Thursday, June 26, 2008

The Oldest Garden gets weeded out

It has been a while since I hauled out some really old artwork of mine. I feel in a bit of a retrospective mood; perhaps because I’m looking at my bank account and thinking about the money I used to make back as an advertising illustrator back in those heady days of the 80’s and 90’s and what I earn now. It’s true to say I can still buy a sav for $10 a bottle, but... frankly that says little about the wine.

This illustration was from the first book I had a go at; The Oldest Garden in China. The book after that (The Old Man and The Cat) was published and we came back to this one after a couple of false starts. When I say we, I mean the author Anthony Holcroft and I.
15 glorious double paged spreads rendered in airbrush, inks and coloured pencil, fairly well murdered by the hideous typesetting and design work offered up by the now defunct Whitcoulls publishing. Oh for Gecko Press back then!

When I look at this artwork I feel amazed and sad at the same time. Amazed because I spent 6 months illustrating that book in a way I doubt that I could ever do again; the eyesight just isn’t up to it anymore, and sad because it made negative dollars and was shuffled off onto the sale tables within months. But that’s the nature of publishing. You can be in or out at the market’s whim. Melinda Szymanik puts this perfectly in her latest blog.

I feel sad too, not just because I drink cheap wine, but my hopes and dreams at the naive age 24 of taking over the world as an award winning illustrator have materialised into an attic full of artwork twenty odd years later that the world might never see and my children may throw into a skip when my time is up. So praise be for the blog, the virtual publishing space where one might offer up your art-soul and if anyone is tempted to ask, sell it. Blame my commercial art training, but I’m pretty much anybody’s for a buck.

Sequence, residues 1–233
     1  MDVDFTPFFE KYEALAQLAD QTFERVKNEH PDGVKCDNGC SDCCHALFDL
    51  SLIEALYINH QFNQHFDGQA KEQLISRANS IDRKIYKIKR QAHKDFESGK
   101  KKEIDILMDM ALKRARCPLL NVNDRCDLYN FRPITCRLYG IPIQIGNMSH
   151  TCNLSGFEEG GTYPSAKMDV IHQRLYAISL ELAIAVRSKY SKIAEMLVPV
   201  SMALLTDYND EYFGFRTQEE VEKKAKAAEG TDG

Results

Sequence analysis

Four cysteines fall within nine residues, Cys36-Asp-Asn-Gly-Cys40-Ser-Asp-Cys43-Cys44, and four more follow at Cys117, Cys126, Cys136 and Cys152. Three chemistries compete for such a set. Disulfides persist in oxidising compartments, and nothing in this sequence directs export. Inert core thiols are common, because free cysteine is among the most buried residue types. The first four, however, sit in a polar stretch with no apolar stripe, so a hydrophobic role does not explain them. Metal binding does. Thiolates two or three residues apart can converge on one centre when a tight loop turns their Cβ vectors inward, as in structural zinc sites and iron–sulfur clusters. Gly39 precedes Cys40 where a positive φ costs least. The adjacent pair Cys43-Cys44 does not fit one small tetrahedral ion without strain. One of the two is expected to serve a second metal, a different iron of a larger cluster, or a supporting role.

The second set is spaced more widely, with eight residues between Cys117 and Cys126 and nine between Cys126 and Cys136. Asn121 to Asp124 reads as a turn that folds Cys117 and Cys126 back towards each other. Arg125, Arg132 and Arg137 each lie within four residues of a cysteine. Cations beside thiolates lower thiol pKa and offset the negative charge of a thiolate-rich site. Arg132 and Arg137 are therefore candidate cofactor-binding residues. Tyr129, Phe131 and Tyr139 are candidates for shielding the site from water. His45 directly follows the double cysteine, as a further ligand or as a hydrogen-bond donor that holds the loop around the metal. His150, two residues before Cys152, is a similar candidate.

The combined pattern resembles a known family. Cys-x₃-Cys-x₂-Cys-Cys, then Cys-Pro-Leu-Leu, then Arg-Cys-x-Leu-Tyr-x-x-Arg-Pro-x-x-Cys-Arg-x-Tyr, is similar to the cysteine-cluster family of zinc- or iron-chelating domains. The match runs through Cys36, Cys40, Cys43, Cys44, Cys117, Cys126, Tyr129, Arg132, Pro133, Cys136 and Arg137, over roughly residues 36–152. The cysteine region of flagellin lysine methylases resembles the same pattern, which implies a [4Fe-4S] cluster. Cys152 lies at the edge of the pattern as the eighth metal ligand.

Sunday, June 22, 2008

The Artful Lodger

This morning I got a phone call from our 20 year old who normally lives at home.
‘Mum, I got here o.k,’ was sweet relieving music to my mother-worry ears. She is presently in Bristol, visiting the friends she made aged 13 on our two year adventure in Blighty. They are all grown up now, Uni students in the main but still firm friends thanks to Facebook, Myspace, chat and text. The most curious thing about her exodus to the U.K for three weeks is not that she kept in touch with her girlhood friends, or that she paid for the trip herself, but that she is intent on spending a week in London at the art galleries. Haley is in the second year of an art history degree at Victoria University and shows an exceptional skill for interpreting art and writing art speak. I am particularly proud of her for this talent which was not at all in evidence back in 2001 as the following poem, written for Next magazine at the time shows…

Culture Shock

I was hugely self indulgent,
In another life,
An egocentric hedonist
Who likely beat his wife.

Why else would I be punished
By being born again
Into the body of a mother,
With kids, thirteen and ten?

Now it’s not that I don’t love them;
They are the world to me,
Except when I’m in London
At the National Gallery.

Or the Abbey at Westminster,
The Globe, or V & A,
The Tate, St Paul’s, The Serpentine,
And the Burghers of Calais.

A lifetime’s opportunity
I find is roughly halved,
When they set up that old whining of
‘It's boring and I’m starved!’

So in my pursuit of culture,
On lengthy London marches
The only monument we went in
Was one with golden arches.